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April 2001

How the Slug Lost Its Gifts

Long, long ago when the earth was being born and creation was new and wet and stretching out in all directions, the slug was given a beginning. Every creature had a purpose and a gift. And as each was born and began to stretch, it knew what it was and why it was becoming in this great and complicated world.

The slug was born a bundle of feelings. It not only had the sharpest eyes, the keenest ears and the most sensitive touch; it also fairly hummed with emotion. It felt the jubilations of happiness, the darkest caves of sorrow, the sharp arrows of fear, and the thundering waves of courage. But best of all, the sensitive slug was gifted with the bravest leaps of selfless love.

In the beginning, as hard as it may be to believe, the slug had wings and feet and fins. It was a creature of the sky, the land and the water. It could soar and crawl and swim. There seemed to be no limit to what this creature could do. One would think with all the gifts that slug had been given, it would be reaching to the edges of creation, stretching out with all its senses to explore and experience all that the world had to offer.

But sadly enough, all creatures do not use the wonderful gifts that they possess. Instead of going out into the world to explore and teach other creatures the emotions that churned and bounced about inside of it, the slug curled itself into a little ball and would not move or talk to any of the other creatures. More than anything, the world needed the gift of love that the slug had been given to share with all of creation. The Creator waited for the slug to stretch out and share the gifts that it had been given with the wide and spinning world.

“It is a dangerous thing,” thought the introverted slug, “to go out into the world with all of these emotions and meet other creatures. My feelings are sensitive and I may get hurt. Other creatures of this world may not treat me with the utmost care. If I stretch out with selfless love and meet the rough touch of anger, my tender skin may be damaged.”

The slug was so concerned with the idea that another creature might damage its sensitive skin, that it pulled itself so far inside of itself, that it finally turned itself inside out. Now its sensitive skin was safely tucked inside, but there was no longer anything left to contain the precious emotions. They flowed like water out of the slug, taking with them the senses that the slug had been gifted with; sight, hearing and touch. The lost gifts flowed into a smooth brown patch of clay by the riverbank. This was the clay that the Creator was preparing to shape into the form of a creature that walked on two legs.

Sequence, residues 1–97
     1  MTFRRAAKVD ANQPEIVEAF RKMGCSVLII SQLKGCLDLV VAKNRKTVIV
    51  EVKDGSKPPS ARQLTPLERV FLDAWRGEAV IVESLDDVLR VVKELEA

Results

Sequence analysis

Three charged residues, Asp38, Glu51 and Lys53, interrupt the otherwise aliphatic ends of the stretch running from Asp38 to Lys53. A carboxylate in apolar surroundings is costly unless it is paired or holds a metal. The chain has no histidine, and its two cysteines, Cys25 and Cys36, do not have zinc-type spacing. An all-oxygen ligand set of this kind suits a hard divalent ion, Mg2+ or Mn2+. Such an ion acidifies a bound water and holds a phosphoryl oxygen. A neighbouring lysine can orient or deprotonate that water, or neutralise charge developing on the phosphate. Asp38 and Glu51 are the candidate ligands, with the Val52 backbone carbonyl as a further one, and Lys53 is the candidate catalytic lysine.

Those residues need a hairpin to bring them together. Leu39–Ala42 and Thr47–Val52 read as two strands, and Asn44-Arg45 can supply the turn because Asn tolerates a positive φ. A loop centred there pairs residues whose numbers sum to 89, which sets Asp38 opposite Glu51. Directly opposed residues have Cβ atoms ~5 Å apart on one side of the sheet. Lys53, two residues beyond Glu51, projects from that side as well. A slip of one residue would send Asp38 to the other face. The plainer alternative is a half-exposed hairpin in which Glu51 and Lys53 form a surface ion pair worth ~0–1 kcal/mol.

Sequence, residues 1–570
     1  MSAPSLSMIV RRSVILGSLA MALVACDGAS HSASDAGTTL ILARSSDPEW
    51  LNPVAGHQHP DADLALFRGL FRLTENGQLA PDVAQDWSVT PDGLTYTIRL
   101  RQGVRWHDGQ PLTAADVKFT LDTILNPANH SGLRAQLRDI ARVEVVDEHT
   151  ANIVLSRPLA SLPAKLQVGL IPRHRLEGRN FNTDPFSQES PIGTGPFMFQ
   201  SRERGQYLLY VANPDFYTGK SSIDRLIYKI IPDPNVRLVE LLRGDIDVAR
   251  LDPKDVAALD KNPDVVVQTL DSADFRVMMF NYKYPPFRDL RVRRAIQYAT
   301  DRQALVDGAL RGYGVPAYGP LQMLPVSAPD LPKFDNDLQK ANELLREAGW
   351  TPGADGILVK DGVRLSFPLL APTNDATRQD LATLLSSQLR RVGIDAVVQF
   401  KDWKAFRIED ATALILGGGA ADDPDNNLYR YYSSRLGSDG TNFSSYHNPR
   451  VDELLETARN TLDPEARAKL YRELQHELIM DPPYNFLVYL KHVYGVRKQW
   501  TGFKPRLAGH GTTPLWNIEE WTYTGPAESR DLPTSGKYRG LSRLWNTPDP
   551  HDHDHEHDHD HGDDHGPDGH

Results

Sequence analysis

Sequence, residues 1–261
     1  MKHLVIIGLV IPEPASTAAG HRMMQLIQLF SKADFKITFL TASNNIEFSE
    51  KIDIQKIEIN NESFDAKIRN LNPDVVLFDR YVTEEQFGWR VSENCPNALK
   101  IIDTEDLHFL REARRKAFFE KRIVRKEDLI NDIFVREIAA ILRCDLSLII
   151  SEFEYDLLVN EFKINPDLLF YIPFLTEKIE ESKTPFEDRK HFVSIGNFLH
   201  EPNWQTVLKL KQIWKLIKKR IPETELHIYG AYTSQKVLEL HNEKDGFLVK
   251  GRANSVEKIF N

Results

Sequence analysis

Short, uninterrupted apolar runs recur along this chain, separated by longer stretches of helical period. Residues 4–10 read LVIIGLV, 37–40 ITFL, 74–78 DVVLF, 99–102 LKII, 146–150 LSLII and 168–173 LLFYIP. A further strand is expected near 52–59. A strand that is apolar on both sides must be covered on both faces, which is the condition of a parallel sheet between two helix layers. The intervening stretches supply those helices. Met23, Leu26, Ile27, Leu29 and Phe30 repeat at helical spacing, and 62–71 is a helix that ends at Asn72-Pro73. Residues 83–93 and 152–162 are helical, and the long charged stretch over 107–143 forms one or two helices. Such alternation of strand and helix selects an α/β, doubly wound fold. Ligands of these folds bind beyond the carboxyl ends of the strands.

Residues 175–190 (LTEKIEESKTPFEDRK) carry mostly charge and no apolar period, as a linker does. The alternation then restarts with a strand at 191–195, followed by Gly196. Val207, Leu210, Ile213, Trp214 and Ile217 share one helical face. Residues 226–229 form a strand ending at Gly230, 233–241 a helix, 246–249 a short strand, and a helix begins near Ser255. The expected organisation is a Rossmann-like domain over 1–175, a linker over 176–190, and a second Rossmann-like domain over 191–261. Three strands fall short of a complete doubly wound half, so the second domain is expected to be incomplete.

The only feeling that remained with the lowly slug was the clinging moistness of sorrow. Sadly the slug began to pull itself along the forest floor. It did not feel the roughness of the tree bark or the smoothness of the river rock or the sharpness of the pine needle. It only felt its own sorrow. Indeed, it traveled on a path of its own sorrow that it spread beneath itself as it crept along, stretching itself out, searching for the precious gifts that it had lost.

To this day, if you happen to cradle a slug in your hands, the sorrow of the slug will cling to your skin. Sorrow always has been a difficult thing to wash away and so it is with the slimy sorrow of the lowly slug. If you pick up a slug, it hides its head, still trying to protect itself from the world. But if one is very patient and waits and watches with hand wide open, the slug will slowly emerge, put out its feelers (or what is left of its feelings) and begin once more to explore and search for all that it has lost.

The gifts of the slug were not lost to the world forever. They were absorbed by the two-legged creatures, the people, who now roam the earth with their sharp senses and their bundle of churning emotions. Most importantly, they were given the gift of selfless love that reaches out to the other creatures of the earth, teaching them also to love. The two-legged ones are so very different from the lowly slug, but at times, they too try to pull into themselves, protecting their sensitive skin. And when that happens, it is best to be patient. Watch and wait with open hands and heart, until the risk of feeling is taken once more.

By Ruth Gilmore; April 2001

I welcome any comments or helpful critiques that you may have regarding this story. If it might be of use to you in your teaching, feel free to use it. I only ask that my name be attached to the story as I may try to rewrite it someday as a children’s book.

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